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Video: Two runs score on passed ball because Dylan Bundy doesn’t cover home plate

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The Dodgers defeated the Orioles 4-2 on Thursday evening in Baltimore, taking two of three in the series from one of baseball’s worst teams. The Dodgers’ third and fourth runs were a gift from Orioles starter Dylan Bundy, as he failed to cover home plate following a passed ball with the bases loaded in the sixth inning.

A.J. Pollock led off the frame with a double and promptly scored on a Cody Bellinger single. Bundy then walked Corey Seager. After getting two outs, the bases became loaded on a fielding error by third baseman Rio Ruiz, bringing up Russell Martin. Martin worked a full count when Bundy fired a high fastball. Martin swung and missed but catcher Pedro Severino couldn’t hang on. The loose ball bounced towards the back wall as Severino gave chase. Bellinger scored and, because Bundy barely got off the pitcher’s mound, Seager scored as well, putting the Dodgers up 4-2.

It’s quite possible that, rather than a complete lack of effort, Bundy didn’t budge because he thought it was a foul ball rather than a dropped foul tip. The game wasn’t of too much importance anyway: the Orioles have long since played their last meaningful game and the Dodgers have already clinched the NL West. The only thing the Dodgers are playing for now is home field advantage.

George Springer’s lack of hustle was costly for Houston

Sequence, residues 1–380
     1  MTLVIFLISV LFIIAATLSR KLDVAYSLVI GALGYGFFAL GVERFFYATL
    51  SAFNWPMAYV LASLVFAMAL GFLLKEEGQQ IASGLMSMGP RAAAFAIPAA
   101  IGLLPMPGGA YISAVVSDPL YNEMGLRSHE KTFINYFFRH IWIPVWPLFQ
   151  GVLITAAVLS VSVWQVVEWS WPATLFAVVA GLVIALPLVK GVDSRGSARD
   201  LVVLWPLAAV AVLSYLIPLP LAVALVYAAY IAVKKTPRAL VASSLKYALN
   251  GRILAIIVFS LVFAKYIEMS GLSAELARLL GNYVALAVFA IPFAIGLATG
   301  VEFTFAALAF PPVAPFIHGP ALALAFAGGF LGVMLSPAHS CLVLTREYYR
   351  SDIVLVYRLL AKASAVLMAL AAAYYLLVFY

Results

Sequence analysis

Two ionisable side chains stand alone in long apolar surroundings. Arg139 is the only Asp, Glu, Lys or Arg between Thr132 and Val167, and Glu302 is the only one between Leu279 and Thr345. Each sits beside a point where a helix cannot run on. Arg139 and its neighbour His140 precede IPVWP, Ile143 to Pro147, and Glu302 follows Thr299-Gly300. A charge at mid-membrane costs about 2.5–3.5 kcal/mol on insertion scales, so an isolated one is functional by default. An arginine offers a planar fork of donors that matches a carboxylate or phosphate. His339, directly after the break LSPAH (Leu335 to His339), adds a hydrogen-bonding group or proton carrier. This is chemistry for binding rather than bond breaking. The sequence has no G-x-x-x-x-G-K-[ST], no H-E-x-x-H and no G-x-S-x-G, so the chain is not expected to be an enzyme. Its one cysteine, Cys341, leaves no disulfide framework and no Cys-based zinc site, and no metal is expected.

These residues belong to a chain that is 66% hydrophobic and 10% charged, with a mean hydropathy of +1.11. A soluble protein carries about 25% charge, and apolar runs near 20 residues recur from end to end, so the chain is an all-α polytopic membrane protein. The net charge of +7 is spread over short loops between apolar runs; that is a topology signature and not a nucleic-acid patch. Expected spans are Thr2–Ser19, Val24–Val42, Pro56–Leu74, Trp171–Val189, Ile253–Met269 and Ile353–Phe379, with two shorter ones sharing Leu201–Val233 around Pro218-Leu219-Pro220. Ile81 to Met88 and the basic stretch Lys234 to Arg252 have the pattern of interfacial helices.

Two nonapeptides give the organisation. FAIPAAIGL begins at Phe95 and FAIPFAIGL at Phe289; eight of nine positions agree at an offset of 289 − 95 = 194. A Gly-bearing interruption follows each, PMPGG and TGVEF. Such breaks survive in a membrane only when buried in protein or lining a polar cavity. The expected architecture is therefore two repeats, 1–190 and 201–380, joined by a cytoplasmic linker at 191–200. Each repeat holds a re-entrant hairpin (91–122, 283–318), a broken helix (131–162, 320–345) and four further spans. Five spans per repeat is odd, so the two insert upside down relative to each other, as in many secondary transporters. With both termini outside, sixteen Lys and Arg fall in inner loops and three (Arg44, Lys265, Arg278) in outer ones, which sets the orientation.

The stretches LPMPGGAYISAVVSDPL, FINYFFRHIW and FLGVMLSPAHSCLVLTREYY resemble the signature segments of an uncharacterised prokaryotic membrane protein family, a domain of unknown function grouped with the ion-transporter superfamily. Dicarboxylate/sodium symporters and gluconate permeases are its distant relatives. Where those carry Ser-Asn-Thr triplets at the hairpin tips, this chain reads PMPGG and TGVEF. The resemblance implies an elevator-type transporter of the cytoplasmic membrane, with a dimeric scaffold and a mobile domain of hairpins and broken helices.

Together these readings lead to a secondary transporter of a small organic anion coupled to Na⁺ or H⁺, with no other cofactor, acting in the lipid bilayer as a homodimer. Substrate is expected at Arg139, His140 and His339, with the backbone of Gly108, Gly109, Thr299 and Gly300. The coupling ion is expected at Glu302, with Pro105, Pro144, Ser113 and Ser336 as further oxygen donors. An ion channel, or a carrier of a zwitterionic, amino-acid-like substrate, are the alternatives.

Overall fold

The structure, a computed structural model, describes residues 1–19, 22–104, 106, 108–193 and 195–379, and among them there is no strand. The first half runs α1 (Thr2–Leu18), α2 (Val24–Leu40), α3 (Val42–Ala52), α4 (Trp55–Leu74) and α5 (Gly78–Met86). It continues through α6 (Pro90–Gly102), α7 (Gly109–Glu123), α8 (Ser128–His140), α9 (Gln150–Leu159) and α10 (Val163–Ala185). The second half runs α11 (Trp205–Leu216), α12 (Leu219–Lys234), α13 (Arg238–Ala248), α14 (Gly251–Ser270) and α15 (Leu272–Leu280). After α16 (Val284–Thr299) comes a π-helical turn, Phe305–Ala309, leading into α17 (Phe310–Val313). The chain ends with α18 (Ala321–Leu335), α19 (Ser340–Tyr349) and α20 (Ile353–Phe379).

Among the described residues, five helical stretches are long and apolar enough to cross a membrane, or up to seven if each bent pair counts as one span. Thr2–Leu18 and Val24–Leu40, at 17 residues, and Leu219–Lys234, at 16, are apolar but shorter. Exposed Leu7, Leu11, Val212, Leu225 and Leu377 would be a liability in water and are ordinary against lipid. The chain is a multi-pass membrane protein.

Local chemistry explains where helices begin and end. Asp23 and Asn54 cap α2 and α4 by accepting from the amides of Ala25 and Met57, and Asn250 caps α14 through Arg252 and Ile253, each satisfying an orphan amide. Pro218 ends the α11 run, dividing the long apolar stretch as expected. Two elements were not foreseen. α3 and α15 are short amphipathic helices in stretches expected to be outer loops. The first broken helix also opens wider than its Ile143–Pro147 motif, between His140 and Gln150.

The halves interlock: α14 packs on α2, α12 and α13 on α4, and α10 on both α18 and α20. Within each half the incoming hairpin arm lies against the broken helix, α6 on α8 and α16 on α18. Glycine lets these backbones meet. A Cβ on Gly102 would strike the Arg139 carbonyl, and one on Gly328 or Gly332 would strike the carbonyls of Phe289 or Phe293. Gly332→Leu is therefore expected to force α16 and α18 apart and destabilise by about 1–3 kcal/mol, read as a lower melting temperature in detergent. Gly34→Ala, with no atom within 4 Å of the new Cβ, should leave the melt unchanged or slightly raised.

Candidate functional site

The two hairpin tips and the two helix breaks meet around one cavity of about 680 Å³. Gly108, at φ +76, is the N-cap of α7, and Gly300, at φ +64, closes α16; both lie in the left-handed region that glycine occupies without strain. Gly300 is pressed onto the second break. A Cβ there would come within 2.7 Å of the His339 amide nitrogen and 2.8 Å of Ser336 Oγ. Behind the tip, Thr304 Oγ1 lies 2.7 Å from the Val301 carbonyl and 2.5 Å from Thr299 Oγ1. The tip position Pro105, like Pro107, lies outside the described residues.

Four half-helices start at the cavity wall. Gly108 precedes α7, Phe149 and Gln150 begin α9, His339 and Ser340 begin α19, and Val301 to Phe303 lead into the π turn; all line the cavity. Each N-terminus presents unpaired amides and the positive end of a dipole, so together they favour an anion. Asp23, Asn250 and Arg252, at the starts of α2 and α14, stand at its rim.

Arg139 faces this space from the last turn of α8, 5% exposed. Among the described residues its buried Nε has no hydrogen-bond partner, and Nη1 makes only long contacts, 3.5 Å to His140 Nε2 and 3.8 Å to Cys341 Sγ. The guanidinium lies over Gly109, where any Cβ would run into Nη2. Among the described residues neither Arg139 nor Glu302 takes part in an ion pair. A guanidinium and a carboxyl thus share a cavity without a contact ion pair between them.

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George Springer hit a big home run for the Astros last night. It was his fifth straight World Series game with a homer. That’s good! But he also did something less-than-good.

In the bottom of the eighth, with the Astros down 5-3, Springer was batting with Kyle Tucker on second and one out. He sent a breaking ball from Daniel Hudson deep, deep, deep to right-center field but . . . it was not deep enough. It rattled off the wall. Springer ended up with a double.

Except, he probably has a triple if, rather than crow-hop out of the box and watch what he thought would be a home run, he had busted it out of the box. Watch:

After that José Altuve flied out. Maybe it would’ve been deep enough to score Springer form third, tying the game, maybe it wouldn’t have, but Springer being on second mooted the matter.

After the game, Springer defended himself by saying that he had to hold up because the runner on second had to hold up to make sure the ball wasn’t caught before advancing. That’s sort of laughable, though, because Springer was clearly watching what he thought was a big blast, not prudently gauging the pace of his gait so as not to pass a runner on the base paths. He, like Ronald Acuña Jr. in Game 1 of the NLDS, was admiring what he thought was a longball but wasn’t. Acuña, by the way, like Springer, also hit a big home run in his team’s losing Game 1 cause, so the situations were basically identical.

Also identical, I suspect, is that both Acuña and Springer’s admiring of their blasts was partially inspired by the notion that, in the regular season, those balls were gone and were not in October because of the very obviously different, and deader, baseball MLB has put into use. It does not defend them not running hard, but it probably explains why they thought they had homers.

Either way: a lot of the baseball world called out Acuña for his lack of hustle in that game against the Cardinals. I can’t really see how Springer shouldn’t be subjected to the same treatment here.